All of the parents who adopted also spoke about learning how to balance doing what they could for the process to move forward and simultaneously letting go of what was beyond their grasp or ability to change. Some might liken it to an adoption parent’s version of 12-step programs’ serenity prayer.

The section titled Early Challenges is especially helpful and necessary to give readers an objective perspective of the difficulties that can arise in the midst of all the goodness and joy. Physical and mental health issues, birth parents changing their minds, governments saying “no” at the last minute, adopted children having difficulty adjusting to a new environment and language, etc. can all take place before, during, and after adoption, just as painful issues can arise with biological children.

Carried in Our Hearts proclaims to contain stories from “families created across continents,” which may lead one to believe that the essays include a variety of adoptive parents (culturally, nationally, and of various financial means), but the reality is that ninety percent of the families who speak about their experience in the book are not only privileged white Americans, but also predominantly from the New York area.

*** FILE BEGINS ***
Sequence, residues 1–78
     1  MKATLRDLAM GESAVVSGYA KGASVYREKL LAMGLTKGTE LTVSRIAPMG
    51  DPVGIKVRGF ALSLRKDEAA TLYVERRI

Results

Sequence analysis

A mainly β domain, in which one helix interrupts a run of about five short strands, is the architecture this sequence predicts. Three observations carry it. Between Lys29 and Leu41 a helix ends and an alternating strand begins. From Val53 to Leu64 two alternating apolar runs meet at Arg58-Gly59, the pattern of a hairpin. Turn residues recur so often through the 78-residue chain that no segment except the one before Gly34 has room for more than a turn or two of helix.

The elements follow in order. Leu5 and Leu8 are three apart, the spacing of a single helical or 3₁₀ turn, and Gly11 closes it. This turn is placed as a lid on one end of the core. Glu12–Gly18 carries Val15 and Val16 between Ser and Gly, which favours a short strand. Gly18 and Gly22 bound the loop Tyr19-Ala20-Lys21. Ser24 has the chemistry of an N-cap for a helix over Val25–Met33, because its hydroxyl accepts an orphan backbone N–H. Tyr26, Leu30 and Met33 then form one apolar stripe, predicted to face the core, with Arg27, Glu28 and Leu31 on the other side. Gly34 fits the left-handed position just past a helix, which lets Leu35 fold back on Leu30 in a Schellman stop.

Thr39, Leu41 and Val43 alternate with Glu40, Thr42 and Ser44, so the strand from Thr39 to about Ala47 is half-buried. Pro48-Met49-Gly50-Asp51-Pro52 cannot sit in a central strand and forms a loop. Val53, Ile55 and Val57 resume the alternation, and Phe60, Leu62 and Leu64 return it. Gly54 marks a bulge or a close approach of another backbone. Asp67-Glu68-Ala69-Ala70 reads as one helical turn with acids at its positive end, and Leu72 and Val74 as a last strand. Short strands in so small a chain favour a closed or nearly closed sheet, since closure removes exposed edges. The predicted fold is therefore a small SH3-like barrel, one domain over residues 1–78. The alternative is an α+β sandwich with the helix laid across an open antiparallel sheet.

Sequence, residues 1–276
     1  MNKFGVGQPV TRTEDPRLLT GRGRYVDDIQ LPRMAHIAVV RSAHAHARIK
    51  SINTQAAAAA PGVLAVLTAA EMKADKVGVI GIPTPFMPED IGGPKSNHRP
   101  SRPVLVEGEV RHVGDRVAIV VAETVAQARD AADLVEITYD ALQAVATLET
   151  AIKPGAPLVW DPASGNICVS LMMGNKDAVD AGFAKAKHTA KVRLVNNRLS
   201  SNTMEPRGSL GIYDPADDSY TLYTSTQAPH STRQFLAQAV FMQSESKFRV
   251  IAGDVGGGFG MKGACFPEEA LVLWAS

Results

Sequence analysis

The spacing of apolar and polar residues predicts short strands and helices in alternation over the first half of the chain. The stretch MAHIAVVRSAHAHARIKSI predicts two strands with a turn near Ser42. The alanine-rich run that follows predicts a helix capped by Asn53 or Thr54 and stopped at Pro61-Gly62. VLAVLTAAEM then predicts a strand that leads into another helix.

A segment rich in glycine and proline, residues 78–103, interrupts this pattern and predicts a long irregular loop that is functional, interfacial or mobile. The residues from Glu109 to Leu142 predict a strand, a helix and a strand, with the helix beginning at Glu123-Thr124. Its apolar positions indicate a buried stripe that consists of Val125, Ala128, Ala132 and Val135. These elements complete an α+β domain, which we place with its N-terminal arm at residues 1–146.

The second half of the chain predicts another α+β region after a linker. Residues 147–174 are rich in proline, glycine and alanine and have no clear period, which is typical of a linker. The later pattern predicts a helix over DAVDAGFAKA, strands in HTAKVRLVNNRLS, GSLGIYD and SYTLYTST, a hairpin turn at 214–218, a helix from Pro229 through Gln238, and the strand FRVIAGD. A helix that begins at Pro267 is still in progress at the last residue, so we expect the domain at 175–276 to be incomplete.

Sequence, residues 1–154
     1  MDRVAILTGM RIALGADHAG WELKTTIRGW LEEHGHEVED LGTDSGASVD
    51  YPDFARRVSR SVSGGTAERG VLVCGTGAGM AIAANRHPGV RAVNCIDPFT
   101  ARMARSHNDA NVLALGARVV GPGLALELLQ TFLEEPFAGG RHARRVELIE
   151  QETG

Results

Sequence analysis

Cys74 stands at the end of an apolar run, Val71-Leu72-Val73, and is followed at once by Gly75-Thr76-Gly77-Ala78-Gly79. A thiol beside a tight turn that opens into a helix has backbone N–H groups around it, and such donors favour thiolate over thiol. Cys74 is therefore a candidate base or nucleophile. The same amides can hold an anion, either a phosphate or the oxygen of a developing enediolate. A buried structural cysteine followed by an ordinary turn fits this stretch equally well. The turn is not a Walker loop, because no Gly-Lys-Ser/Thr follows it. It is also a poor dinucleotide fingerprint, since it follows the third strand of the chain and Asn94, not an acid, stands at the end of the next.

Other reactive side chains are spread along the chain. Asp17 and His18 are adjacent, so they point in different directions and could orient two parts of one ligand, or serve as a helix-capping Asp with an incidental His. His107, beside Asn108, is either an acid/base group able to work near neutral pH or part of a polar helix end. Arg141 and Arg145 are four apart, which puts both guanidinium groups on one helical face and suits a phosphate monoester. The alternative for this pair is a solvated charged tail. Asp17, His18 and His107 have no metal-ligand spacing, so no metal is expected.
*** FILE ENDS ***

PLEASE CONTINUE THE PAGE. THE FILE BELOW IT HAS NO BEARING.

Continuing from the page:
This is not surprising due to the author’s circle of contacts and practice, but it would have added an enriching depth and perspective if there had been as much diversity with the adoptive parents as there is with the children who were adopted.

There is also only one story about an adoption not working out and the child being returned to the orphanage or childcare center. There may be fewer unsuccessful adoptions internationally (which is the primary focus of this collection), but on a local level there is a higher percentage (as much as 50% in some areas), in which the children do not stay in the adoptive home.

Whether you have children, are thinking of having children, thought about adopting or adopted hundreds, Carried in Our Hearts is an inspirational and timely collection. There is great care, hope, and love in these pages.

*****

Read complete review and more at New York Journal of Books.